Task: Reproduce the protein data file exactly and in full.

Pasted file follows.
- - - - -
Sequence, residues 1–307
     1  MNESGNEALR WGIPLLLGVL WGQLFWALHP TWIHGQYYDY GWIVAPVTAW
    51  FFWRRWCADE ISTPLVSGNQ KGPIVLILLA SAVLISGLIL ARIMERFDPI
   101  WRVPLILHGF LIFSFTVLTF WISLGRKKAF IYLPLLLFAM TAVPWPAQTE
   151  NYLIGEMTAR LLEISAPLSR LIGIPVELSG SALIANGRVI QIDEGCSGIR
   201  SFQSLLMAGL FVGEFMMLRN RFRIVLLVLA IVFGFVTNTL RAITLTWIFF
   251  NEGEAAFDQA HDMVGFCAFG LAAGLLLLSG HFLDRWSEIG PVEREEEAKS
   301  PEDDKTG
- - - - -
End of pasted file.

Sequence, residues 1–307
     1  MNESGNEALR WGIPLLLGVL WGQLFWALHP TWIHGQYYDY GWIVAPVTAW
    51  FFWRRWCADE ISTPLVSGNQ KGPIVLILLA SAVLISGLIL ARIMERFDPI
   101  WRVPLILHGF LIFSFTVLTF WISLGRKKAF IYLPLLLFAM TAVPWPAQTE
   151  NYLIGEMTAR LLEISAPLSR LIGIPVELSG SALIANGRVI QIDEGCSGIR
   201  SFQSLLMAGL FVGEFMMLRN RFRIVLLVLA IVFGFVTNTL RAITLTWIFF
   251  NEGEAAFDQA HDMVGFCAFG LAAGLLLLSG HFLDRWSEIG PVEREEEAKS
   301  PEDDKTG